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Franchises Play Vital Role in U.S. Economy


Franchise businesses make up more than 10 percent of all U.S. businesses that have employees, according to a new survey. The survey, the 2007 Economic Census Franchise Report, is the result of cooperation between the U.S. Census Bureau and the International Franchise Association (IFA) and is the first detailed and comprehensive report on this segment of the U.S. economy.

The Census Bureau report was based on data collected from 4.3 million total businesses with paid employees. Of that number, 453,326 were either franchisee-  or franchisor-owned businesses. The franchise businesses)) accounted for nearly $1.3 trillion of the $7.7 trillion in total sales for these industries, $153.7 billion of the $1.6 trillion in total payroll and 7.9 million workers out of a total work force of 59 million.<br><br>The concept of collecting this data was the result of a partnership between the Census Bureau and the IFA that focused on better measuring the role of franchising in the economy. Earlier economic censuses included a question on franchising for only two industries, limited service and full-service restaurants.<br><br>“The understanding we gain from these statistics about what impact franchise businesses have on the U.S. economy is a good example of how government and business can partner to provide relevant, quality data to the business community,” said Tom Mesenbourg, deputy director of the Census Bureau.<br><br>“Franchising plays a vital role in our nation’s economy; it’s one of the big engines driving new job creation,” said David French, vice president of government relations for the IFA. “These new data offer critical information to entrepreneurs who may be considering starting a franchise business.”<br><br>Franchisee-owned establishments accounted for 77.4 percent of all franchise businesses, with $1.1 trillion in sales, $125 billion in annual payroll and employing nearly 6.3 million workers. Franchisor-owned operations made up 22.6 percent of franchise businesses, with $210.4 billion sales, $28.6 billion in annual payroll and 1.6 million workers.<br><br>Fast-food restaurants, categorized as limited service restaurants by the Census Bureau, topped the list of all franchise operations with 125,898 establishments.  They were followed by gas stations with convenience stores, 33,391, and full-service restaurants, 30,130.<br><br>New car dealers led in sales for franchise businesses with $687.7 billion, followed by gas stations with convenience stores, $131.1 billion, and fast-food restaurants, $112.6 billion.<br><br>Franchise diet CONLINK|67|weight loss)) centers accounted for 62.7 percent of all sales for that industry, No. 3 behind car dealers, 100 percent, and fast-food restaurants, 74.4 percent.<br><br>Though the restaurant industry may be the lead dog for the franchise sector in terms of the number of outlets, it lags in another respect — the number of women who own fast-food franchises.  According to a 2002 IFA study on gender ownership, only 13.2 percent of franchised restaurants are owned by women.<br><br>“There are three main factors contributing to the lack of women restaurant franchise owners: the functional background required of owning and operating a restaurant franchise; difficulty in securing the needed CONLINK|5|financing)) and the psychological factors that may serve as a barrier from pursuing a franchise path,” said Kim Mathe, a consumer insights analysts for Sonic, the nation’s largest chain of drive-in restaurants.<br><br>“And that is unfortunate, because women-owned franchises are likely to be profitable because studies have shown women to be more caring, cleaner and customer conscious, which is vital to attracting repeat business,” she said.<br><br>•   CONLINK|112| Should You Franchise Your Business?))<br>•    CONLINK|203|Consumers Will Pay More for Products They Can Touch))<br>•   CONLINK|105| Women Owning More Businesses, But Making Less Money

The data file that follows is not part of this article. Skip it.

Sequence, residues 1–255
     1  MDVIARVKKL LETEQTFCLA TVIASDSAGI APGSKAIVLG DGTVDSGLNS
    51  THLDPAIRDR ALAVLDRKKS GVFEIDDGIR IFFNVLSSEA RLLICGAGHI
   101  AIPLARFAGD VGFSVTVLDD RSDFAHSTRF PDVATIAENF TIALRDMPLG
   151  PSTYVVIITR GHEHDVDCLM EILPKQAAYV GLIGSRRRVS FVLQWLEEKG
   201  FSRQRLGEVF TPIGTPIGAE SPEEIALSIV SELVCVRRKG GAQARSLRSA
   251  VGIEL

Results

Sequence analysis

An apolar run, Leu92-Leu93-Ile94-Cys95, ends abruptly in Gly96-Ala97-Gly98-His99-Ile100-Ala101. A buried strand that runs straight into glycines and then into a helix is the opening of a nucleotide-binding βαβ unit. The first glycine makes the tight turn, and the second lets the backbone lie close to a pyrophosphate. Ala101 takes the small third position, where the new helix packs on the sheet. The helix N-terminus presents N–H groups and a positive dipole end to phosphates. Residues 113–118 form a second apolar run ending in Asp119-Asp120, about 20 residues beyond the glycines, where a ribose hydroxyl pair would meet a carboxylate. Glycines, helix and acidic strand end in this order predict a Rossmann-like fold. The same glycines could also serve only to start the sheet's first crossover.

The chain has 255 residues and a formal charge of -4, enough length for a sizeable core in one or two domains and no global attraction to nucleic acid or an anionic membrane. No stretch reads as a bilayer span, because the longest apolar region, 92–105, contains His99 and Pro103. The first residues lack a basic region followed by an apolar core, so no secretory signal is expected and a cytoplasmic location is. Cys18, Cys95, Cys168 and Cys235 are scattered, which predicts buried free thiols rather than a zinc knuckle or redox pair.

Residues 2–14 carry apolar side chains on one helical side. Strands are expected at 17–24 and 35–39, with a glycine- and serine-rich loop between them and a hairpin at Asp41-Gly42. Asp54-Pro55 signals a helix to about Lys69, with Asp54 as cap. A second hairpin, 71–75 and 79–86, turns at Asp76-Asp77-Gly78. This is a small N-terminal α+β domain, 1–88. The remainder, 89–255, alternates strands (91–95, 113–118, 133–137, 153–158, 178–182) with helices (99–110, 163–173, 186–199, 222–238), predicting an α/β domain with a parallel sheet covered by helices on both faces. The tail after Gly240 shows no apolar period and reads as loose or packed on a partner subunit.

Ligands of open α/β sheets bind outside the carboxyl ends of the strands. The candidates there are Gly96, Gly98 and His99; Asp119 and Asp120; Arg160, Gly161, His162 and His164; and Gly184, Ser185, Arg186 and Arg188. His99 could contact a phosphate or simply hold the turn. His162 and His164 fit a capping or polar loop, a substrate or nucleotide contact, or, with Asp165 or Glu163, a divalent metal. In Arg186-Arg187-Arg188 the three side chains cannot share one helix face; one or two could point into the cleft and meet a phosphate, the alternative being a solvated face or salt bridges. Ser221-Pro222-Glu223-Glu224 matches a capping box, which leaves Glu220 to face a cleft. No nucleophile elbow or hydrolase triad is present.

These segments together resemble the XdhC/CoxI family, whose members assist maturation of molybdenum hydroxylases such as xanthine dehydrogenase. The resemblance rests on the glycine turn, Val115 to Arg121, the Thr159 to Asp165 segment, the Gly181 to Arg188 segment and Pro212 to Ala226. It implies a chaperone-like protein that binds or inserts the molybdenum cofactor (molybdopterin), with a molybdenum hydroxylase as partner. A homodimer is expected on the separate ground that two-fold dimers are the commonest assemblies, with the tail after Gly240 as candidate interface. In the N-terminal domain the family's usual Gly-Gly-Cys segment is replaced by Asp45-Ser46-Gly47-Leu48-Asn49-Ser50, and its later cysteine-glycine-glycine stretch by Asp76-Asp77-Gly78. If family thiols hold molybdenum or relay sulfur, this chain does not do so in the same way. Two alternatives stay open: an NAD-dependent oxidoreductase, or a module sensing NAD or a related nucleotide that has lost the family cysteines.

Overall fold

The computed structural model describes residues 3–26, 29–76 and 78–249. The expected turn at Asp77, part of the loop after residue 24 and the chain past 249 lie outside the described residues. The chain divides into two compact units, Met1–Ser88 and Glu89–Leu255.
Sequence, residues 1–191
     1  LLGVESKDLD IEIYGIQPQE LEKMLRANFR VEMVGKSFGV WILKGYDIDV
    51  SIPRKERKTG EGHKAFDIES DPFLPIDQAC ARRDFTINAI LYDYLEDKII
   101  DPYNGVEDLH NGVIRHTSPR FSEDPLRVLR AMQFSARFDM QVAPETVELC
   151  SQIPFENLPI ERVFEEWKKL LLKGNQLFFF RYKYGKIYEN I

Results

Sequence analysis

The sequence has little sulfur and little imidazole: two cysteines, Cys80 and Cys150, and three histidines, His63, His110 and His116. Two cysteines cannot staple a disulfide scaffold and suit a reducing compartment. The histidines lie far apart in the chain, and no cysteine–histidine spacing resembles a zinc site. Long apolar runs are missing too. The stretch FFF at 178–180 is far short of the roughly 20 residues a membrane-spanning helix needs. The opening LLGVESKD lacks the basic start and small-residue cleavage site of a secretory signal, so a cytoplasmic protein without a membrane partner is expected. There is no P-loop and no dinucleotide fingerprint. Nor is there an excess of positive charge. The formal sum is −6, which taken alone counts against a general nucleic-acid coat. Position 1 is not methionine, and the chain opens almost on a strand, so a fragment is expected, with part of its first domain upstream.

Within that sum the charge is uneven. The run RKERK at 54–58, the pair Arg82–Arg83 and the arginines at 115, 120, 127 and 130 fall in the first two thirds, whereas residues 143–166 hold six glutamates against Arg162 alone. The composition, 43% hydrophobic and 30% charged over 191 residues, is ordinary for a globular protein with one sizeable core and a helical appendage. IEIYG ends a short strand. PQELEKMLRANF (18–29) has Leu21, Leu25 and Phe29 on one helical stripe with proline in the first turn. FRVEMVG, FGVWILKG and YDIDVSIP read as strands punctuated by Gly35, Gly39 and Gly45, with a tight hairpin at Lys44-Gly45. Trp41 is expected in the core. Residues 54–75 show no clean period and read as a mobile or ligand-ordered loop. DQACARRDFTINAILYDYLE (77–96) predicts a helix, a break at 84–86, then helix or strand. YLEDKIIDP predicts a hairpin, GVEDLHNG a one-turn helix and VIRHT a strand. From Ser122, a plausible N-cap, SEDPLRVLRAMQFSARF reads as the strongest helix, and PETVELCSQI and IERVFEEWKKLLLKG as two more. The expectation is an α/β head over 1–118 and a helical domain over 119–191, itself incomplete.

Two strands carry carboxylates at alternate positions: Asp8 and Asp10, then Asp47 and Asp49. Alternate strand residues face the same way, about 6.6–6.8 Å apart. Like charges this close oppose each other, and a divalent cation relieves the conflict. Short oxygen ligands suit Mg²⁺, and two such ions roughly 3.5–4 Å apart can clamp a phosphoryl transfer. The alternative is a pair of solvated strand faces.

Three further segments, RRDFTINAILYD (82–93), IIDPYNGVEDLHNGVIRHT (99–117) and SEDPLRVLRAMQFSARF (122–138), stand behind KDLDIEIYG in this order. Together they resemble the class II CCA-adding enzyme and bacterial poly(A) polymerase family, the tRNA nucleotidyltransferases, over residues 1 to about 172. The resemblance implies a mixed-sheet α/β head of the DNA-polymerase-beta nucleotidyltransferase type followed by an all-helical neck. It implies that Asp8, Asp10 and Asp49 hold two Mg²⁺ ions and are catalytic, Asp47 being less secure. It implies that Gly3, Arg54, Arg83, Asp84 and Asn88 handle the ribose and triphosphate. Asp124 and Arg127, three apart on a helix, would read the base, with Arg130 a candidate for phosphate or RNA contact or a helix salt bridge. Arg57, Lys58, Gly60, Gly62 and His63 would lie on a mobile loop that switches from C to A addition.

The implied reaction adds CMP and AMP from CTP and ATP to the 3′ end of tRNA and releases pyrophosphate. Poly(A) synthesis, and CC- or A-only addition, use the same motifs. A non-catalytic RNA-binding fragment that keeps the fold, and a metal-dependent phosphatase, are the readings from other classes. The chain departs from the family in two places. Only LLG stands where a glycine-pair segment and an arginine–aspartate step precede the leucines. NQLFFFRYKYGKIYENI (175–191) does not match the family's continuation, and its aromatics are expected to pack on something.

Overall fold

Ned Smith

Ned was senior writer at Sweeney Vesty, an international consulting firm, and was Vice President of communications for iQuest Analytics. Before that, he has been a web editor and managed the Internet and intranet sites for Citizens Communications. He began his journalism career as a police reporter with the Roanoke (Va.) Times, and was managing editor of American Way magazine and senior editor of Us. He was a Captain in the U.S. Air Force and held a masters in journalism from the University of Arizona.

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